Making GPUs accessible to the PyData Ecosystem via the Array API Standard.
Published March 31, 2022
GPUs have become an essential part of the scientific computing stack and with the advancement in the technology around GPUs and the ease of accessing a GPU in the cloud or on-prem, it is in the best interest of the PyData community to spend time and effort to make GPUs accessible for the users of PyData libraries. A typical user in the PyData ecosystem is quite familiar with the APIs of libraries like SciPy, scikit-learn, and scikit-image -- and at the moment these libraries are largely limited to single-threaded operations on CPU (there are exceptions to that, like linear algebra functions and scikit-learn functionality which uses OpenMP under the hood). In this blog post I will talk about how we can use the Python Array API Standard with the fundamental libraries in the PyData ecosystem along with CuPy for making GPUs accessible to the users of these libraries. With the introduction of that standard by the Consortium for Python Data API Standards and its adoption mechanism in NEP 47 it is now possible to write code that is portable between NumPy and other array/tensor libraries that adopt the Array API Standard. We will also discuss the workflow and challenges for actually achieving such portability.
Motivation and goal
The motivation for this exercise comes from the fact that having GPU-specific code in SciPy and scikits will be too-specialized and very hard to maintain. The goal of this demo is to (a) to show things working on GPUs in a real-world code example using SciPy, scikit-learn and scikit-image together, and (b) demonstrate that there is a significant performance benefit. We'll be using CuPy as the GPU library for this demo. Since CuPy has support for NVIDIA GPUs as well as AMD’s ROCm GPU platform, this demo will work on either of those GPUs.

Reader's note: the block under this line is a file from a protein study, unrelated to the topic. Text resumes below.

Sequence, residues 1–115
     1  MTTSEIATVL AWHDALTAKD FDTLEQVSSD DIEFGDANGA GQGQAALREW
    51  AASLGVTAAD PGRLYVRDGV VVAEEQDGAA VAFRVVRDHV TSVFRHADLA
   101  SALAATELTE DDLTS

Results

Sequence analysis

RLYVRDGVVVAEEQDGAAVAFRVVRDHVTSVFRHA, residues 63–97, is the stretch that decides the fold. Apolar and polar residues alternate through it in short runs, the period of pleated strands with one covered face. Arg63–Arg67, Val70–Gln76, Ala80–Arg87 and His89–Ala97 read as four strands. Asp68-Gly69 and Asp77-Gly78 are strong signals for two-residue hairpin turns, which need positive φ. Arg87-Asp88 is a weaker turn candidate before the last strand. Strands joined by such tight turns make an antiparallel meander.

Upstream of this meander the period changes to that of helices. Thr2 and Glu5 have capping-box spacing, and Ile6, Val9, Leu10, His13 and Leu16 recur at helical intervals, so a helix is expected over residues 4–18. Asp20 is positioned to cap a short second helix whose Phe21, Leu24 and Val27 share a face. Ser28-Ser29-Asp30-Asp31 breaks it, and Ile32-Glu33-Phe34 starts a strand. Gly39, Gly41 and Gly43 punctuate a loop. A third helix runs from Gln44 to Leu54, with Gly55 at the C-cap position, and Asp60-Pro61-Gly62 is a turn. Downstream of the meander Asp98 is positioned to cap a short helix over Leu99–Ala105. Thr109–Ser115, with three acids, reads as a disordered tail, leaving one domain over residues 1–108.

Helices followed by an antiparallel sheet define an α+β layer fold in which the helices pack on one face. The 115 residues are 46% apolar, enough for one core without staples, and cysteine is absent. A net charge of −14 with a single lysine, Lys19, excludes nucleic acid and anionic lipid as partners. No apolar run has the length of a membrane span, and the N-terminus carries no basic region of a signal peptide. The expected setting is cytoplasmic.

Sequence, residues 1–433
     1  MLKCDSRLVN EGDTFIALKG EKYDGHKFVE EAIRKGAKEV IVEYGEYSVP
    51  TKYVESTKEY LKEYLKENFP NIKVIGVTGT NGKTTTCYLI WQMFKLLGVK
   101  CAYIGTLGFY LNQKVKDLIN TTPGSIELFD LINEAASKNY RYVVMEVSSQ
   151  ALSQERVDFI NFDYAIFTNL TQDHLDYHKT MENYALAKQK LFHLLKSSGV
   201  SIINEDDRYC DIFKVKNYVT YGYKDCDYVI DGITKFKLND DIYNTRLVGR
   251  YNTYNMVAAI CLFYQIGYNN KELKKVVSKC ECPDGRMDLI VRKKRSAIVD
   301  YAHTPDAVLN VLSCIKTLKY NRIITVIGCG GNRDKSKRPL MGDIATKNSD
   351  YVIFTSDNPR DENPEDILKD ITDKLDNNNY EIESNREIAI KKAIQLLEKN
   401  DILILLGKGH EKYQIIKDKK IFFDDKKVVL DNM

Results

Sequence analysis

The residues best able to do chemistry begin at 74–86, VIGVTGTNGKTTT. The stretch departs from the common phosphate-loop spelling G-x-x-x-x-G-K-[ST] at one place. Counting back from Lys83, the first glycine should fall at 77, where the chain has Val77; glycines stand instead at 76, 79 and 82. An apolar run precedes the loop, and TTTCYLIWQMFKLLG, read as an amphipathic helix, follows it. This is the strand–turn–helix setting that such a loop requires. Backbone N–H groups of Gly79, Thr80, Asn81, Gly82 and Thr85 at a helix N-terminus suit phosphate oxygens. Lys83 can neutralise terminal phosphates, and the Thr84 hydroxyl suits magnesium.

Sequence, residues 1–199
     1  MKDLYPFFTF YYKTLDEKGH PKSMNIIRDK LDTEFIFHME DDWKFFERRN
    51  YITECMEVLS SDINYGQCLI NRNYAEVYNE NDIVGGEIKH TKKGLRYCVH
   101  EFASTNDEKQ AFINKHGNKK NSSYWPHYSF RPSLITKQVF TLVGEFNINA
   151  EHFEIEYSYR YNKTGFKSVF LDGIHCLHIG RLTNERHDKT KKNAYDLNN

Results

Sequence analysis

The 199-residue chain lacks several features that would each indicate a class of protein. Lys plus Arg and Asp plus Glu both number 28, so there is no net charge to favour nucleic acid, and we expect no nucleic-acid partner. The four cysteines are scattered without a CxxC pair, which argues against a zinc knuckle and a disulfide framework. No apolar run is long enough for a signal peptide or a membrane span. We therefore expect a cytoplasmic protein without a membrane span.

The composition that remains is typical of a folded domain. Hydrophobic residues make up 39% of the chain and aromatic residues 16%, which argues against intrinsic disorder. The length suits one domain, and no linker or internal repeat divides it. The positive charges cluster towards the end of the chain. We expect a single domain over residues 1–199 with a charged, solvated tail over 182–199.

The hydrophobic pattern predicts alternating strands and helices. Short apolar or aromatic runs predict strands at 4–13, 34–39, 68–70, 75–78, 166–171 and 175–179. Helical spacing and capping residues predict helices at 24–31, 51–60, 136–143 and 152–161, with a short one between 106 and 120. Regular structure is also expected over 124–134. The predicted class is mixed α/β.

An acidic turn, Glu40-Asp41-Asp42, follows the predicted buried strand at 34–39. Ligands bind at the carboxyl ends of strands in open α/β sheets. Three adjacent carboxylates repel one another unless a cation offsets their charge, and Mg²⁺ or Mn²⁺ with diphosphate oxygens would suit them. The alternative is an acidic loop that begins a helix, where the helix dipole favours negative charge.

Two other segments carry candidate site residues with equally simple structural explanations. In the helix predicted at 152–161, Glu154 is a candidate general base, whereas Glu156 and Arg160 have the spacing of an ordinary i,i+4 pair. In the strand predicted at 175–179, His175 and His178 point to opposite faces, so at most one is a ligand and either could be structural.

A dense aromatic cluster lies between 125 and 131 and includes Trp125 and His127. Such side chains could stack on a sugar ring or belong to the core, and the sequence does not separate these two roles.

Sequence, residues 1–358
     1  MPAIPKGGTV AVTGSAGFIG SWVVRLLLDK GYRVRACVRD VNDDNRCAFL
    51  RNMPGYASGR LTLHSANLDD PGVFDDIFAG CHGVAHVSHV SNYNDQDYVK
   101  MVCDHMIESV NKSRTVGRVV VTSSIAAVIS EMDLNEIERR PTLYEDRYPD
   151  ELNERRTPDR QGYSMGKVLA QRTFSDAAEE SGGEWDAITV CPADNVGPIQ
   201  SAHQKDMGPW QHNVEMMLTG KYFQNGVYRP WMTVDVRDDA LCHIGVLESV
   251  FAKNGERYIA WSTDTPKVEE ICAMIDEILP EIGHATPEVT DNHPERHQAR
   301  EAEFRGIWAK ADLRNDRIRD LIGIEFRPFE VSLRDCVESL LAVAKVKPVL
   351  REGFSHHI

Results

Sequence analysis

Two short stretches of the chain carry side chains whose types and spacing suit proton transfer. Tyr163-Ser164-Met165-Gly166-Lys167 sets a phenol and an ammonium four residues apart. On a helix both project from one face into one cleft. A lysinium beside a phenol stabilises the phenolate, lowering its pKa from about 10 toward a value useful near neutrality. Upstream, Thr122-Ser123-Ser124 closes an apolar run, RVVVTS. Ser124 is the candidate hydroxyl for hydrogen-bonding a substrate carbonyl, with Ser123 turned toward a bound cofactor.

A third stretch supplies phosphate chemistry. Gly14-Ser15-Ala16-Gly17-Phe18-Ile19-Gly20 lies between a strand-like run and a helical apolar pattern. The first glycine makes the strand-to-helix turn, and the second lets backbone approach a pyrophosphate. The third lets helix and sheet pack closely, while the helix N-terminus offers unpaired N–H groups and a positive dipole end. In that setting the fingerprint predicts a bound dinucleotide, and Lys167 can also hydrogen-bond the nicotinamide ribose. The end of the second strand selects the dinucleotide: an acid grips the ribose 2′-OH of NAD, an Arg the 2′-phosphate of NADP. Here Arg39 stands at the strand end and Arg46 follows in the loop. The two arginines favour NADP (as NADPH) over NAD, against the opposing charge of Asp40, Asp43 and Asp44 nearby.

The ultimate goal is to have SciPy, scikit-learn and scikit-image accept any type of array, so they can work with CuPy, PyTorch, JAX, Dask and other libraries. This work is part of a larger project sponsored by AMD for extensibility to GPU & distributed support for SciPy, scikit-learn, scikit-image and beyond.
A primer on the Array API Standard
As of today, NumPy with over 100 million monthly downloads (combined from conda and PyPI) is the fundamental library of choice for array computing. In the past decade a plethora of array libraries have evolved, which more or less derives from NumPy’s API and its API is not very well defined. This is due to the fact that NumPy is a CPU-only library and today these dependent libraries are built for a variety of exotic hardware. As a consequence the APIs of these libraries have diverged a lot, So much so that it’s quite difficult to write code that works with multiple (or all) of these libraries. The Array API standard aims to address this issue, by specifying an API for the most common ways arrays are constructed and used. At the time of writing this, NumPy (>=1.22.0) and CuPy (>=10.0.0) have adopted the Array API Standard.